How to Handle an Insurance Company

Accidents happen, but sometimes even though you suffer an injury, whether it is from an automobile accident or an injury at work, your insurance company may refuse to pay your personal injury claim. If you were bit by a dog and have a claim against the homeowner’s insurance policy, their company may initially refuse to approve your claim. Below are a few ways to handle an insurance company refusing to pay a personal injury claim.

Filing a Claim

In California, insurance companies have 15 days to respond to claims involving home, automobile, and other related injuries. Insurance companies must acknowledge the claim within 15 days of receipt, and must make a determination and decision accepting or denying the claim within 40 days.  If your claim is approved, the insurance company has 15 days to provide payment of the agreed upon settlement amount once you sign a release, and 30 days in most other circumstances to pay you your settlement.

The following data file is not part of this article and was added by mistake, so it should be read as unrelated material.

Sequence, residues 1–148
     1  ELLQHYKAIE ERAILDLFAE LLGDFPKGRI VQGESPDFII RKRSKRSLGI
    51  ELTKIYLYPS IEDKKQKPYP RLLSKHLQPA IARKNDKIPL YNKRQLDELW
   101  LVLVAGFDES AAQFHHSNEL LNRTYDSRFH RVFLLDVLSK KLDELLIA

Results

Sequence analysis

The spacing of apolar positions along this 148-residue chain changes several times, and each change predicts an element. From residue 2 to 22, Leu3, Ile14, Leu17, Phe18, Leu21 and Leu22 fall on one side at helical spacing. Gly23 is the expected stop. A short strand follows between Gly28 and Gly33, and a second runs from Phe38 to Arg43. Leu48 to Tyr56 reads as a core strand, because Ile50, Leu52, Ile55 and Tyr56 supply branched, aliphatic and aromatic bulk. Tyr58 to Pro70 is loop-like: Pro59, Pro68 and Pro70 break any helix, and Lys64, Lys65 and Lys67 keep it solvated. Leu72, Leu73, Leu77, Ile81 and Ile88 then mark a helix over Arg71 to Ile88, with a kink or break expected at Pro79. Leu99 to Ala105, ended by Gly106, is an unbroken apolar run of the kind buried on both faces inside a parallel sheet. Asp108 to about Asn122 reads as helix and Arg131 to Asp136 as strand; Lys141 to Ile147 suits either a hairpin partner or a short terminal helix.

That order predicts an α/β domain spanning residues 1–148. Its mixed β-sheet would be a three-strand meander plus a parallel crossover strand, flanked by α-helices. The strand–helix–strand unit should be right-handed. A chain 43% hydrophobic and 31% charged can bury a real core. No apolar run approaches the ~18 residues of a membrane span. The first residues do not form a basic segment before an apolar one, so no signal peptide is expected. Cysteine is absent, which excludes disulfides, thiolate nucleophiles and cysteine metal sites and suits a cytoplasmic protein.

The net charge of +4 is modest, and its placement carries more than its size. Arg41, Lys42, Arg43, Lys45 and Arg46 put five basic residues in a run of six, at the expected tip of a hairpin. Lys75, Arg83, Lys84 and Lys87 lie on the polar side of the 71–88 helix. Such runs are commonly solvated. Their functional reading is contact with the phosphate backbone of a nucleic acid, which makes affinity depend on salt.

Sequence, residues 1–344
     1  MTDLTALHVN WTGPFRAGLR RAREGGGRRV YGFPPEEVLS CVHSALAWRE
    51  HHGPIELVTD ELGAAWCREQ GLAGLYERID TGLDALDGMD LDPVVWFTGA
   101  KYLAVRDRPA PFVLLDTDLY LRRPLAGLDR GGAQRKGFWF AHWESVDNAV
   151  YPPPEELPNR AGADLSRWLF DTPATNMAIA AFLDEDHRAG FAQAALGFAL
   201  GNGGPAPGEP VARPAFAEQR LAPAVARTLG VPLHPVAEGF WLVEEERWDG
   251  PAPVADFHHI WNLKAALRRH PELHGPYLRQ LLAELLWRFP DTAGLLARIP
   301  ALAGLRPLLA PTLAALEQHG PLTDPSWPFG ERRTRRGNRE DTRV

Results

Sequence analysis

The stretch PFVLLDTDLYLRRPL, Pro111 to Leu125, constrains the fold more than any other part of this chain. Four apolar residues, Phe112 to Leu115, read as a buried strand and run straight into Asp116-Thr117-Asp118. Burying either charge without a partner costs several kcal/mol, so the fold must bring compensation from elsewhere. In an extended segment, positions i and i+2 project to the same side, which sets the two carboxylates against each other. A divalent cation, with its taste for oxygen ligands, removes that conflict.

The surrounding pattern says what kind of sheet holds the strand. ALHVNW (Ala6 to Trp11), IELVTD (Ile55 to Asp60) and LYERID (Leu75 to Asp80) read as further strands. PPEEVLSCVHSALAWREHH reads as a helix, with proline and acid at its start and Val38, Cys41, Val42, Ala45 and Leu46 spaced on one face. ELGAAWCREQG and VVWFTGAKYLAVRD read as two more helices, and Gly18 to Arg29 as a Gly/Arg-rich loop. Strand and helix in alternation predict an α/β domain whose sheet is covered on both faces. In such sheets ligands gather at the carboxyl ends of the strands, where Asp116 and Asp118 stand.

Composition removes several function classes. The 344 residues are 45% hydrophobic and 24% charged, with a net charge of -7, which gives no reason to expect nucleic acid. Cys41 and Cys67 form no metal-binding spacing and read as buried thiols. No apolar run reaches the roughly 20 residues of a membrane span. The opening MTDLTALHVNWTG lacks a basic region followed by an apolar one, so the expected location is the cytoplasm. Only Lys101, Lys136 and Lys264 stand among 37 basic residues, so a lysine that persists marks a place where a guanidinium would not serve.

Insurance companies also have a requirement to exhibit good faith and to not make an unreasonably low settlement offer and to not unreasonably delay the adjudication and processing of your claim. The insurance company you are working with is legally required to be honest with you, complete a full investigation of your claim, and not enact any discriminatory practices.

Also, insurance companies must notify you in writing if there are delays in processing your claim and explain what those delays are. They must exercise good faith in the delay, and outline, specifically, what is delaying the claim. If they are missing documents or awaiting information from you or another party, they must tell you that information.

Insurance Company Tactics

Insurance companies occasionally use unsavory tactics to deny or delay your claim. Be careful with signing medical releases, because in many instances insurance companies can use the releases to obtain medical records that preceded your injury. You should avoid accepting an immediate settlement offer, especially if the company wants you to sign a release of claims. Insurance companies can attempt to

How to Handle a Denied Claim